On this blog, we plan to regularly feature the interns whose hard work positively impacts the Library. Today’s interview is with a participant in the Library of Congress Internship program (LOCI).
Describe your background.
I was born and raised in East Los Angeles (East LA), California. Being able to grow up in a community like East LA—where my culture, native language, authentic cuisine and celebrations are daily being represented—is such a privilege. Coming from East LA has shaped who I am, as it has developed a sense of identity, gratitude and pride to be who I am.
During my free time, I volunteer for a women’s empowerment organization called Mujeron Movement, where we empower Latina women to achieve their full potential. Additionally, I enjoy blogging about my foodie experiences around LA and my local and international travels.
What is your academic/professional history?
Being a first-generation college student has shaped who I am. I am a first-generation masters graduate. I attended California State University, Los Angeles, where I received a bachelor of arts in sociology with a minor in communication studies.
Throughout my undergraduate experience, I was highly involved in on-campus activities and on-campus jobs. I was the co-founder and chapter president of a student organization, the National Society of Leadership and Success, where I received mentorship and guidance to apply for a master’s program.
In 2019, I graduated from Michigan State University with a master of arts in higher education administration and a certificate in Chicana/o studies. In Michigan, I learned about the Hispanic Association of Colleges and Universities and many other Latino organizations that continue to help graduate students.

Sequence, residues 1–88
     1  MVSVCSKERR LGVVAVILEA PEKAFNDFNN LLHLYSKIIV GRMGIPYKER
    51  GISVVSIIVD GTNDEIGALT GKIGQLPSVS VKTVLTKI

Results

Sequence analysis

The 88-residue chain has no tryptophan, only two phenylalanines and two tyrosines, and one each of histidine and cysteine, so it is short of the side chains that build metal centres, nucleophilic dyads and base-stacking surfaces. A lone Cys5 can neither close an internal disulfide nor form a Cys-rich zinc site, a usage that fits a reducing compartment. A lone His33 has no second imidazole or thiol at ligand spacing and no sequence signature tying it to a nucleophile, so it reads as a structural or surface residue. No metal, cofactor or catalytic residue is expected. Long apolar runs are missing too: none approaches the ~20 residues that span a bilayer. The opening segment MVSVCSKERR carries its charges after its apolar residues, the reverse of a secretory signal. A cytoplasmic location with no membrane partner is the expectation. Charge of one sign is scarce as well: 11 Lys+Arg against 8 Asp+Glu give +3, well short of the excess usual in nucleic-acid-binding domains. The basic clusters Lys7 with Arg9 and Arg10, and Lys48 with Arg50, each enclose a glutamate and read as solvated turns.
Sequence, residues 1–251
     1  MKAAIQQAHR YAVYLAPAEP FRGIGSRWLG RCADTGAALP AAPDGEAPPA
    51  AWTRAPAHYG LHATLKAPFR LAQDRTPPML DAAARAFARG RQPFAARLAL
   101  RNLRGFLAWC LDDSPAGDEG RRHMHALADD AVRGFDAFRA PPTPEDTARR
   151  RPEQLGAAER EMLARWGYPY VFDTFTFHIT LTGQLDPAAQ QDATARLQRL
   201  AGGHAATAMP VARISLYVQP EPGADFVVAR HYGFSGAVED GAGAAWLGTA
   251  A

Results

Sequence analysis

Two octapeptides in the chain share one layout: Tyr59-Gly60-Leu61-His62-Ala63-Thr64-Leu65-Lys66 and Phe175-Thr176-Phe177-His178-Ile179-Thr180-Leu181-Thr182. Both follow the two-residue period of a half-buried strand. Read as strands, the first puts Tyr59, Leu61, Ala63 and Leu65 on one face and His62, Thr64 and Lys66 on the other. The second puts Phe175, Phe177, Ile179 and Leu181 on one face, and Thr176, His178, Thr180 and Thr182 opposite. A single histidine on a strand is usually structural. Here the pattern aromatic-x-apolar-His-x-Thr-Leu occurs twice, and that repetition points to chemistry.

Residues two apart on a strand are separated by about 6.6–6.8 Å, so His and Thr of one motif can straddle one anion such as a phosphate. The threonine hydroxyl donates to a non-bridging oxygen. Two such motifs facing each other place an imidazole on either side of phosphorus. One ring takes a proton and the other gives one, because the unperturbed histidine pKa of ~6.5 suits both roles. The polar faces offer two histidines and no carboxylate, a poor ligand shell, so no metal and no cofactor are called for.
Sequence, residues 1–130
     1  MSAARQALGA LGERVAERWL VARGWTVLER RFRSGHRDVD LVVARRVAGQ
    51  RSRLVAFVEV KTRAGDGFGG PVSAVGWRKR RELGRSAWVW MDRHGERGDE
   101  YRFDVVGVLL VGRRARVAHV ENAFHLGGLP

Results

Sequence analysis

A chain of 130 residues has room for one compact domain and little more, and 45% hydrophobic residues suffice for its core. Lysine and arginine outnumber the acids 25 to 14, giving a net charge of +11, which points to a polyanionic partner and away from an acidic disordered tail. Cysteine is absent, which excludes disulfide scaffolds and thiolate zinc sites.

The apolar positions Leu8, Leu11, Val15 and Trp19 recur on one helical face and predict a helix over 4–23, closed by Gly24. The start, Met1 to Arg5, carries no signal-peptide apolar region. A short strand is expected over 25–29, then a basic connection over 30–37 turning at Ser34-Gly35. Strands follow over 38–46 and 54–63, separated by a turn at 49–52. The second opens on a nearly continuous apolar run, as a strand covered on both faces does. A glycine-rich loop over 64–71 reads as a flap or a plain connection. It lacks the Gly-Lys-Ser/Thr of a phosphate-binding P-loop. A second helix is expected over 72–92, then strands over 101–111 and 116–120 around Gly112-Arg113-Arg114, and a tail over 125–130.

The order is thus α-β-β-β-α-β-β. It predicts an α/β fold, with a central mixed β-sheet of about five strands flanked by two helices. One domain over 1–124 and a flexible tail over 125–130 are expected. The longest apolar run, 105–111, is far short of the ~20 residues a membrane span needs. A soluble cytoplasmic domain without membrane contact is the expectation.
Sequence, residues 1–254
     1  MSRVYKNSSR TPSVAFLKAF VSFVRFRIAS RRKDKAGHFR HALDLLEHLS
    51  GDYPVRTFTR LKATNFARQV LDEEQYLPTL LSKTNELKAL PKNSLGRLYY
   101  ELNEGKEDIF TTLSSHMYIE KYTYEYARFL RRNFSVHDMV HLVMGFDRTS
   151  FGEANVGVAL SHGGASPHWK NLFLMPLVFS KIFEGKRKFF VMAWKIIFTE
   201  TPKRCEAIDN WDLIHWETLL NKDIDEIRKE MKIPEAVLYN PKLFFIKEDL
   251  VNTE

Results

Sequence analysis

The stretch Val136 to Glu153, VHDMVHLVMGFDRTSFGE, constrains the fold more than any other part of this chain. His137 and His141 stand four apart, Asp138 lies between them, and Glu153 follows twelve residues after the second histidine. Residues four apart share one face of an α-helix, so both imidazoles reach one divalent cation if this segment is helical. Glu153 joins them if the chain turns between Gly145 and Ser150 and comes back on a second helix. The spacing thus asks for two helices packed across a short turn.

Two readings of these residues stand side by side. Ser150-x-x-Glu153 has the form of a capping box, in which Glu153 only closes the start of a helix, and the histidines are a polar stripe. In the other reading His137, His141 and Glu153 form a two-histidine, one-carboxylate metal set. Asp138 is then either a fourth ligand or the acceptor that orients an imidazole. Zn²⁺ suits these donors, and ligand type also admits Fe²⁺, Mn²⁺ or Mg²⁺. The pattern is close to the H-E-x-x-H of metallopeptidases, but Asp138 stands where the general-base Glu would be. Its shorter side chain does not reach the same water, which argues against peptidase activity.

How would you describe your job to other people?
As a program assistant intern at the Internship and Fellowship Programs office of the Library of Congress, I am sharpening my professional program management skills and learning about human resources projects. I plan to utilize the skills that I am learning to further my professional career within the areas of program management or human resources.
I support the program management of key internship programs that include Junior Fellows Program (JFP); Library of Congress Internships (LOCI), and the Archives, History and Heritage Advanced (AHHA) Internship program.
I also help IFP expand access to experiential learning at the Library, enhance user experiences online and onsite through broader outreach, and identify how to better promote the Library’s many fellowship, internship, residency and volunteer opportunities to target communities.
Why did you want to work at the Library of Congress?
Not only did my background in higher education and experience in program management make me a great fit for the position, but what mostly interested me about interning at the Library of Congress was being able to work alongside program managers on different projects and programs that enhance the experience of interns across the nation. I always enjoy seeing the process of people learning and growing professionally. The impact that some programs can have on folks is way beyond a presentation, and that is what I really enjoying being a part of.
What is the most interesting fact you’ve learned about the Library of Congress?
An interesting fact that I have learned about the Library of Congress is that there are so many resources available for everyone’s interest. Initially, when I thought about the Library of Congress, I thought about a regular library with simply just books.
However, throughout this internship I have enjoyed learning that there are programs, events, and resources for everyone. One of my favorite resources from the Library is about a Latino poet who writes poetry in Spanish and highlights the Latino culture in his poetry. There is a series called La Casa de Colores, which is my favorite and very relatable to my personal background.
What’s something most of your co-workers do not know about you?
Not a lot of people know that I’ve done solo traveling to Thailand. I also participated in a study abroad program in Japan, and spent time in Kyoto. I spent my time researching Japanese higher education institutions and comparing them to American ones. I was also able to engage with local students and professors, and we both created presentations about U.S. and Japanese colleges’ similarities and differences. Due to the pandemic, I have not done much traveling, but when possible, I want to continue solo traveling exploring different cultures and languages, and learning from each other.